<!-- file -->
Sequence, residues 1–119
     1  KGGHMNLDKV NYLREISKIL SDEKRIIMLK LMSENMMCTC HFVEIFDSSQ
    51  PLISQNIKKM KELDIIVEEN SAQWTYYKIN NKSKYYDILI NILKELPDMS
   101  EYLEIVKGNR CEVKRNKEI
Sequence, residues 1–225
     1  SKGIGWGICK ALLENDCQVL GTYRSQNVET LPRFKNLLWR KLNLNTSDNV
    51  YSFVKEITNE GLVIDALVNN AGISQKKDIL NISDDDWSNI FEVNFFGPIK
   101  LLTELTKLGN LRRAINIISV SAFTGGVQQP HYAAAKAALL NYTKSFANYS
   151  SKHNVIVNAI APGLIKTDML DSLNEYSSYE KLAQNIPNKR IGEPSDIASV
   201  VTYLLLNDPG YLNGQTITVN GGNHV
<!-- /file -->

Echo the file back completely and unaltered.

Sequence, residues 1–119
     1  KGGHMNLDKV NYLREISKIL SDEKRIIMLK LMSENMMCTC HFVEIFDSSQ
    51  PLISQNIKKM KELDIIVEEN SAQWTYYKIN NKSKYYDILI NILKELPDMS
   101  EYLEIVKGNR CEVKRNKEI
Sequence, residues 1–225
     1  SKGIGWGICK ALLENDCQVL GTYRSQNVET LPRFKNLLWR KLNLNTSDNV
    51  YSFVKEITNE GLVIDALVNN AGISQKKDIL NISDDDWSNI FEVNFFGPIK
   101  LLTELTKLGN LRRAINIISV SAFTGGVQQP HYAAAKAALL NYTKSFANYS
   151  SKHNVIVNAI APGLIKTDML DSLNEYSSYE KLAQNIPNKR IGEPSDIASV
   201  VTYLLLNDPG YLNGQTITVN GGNHV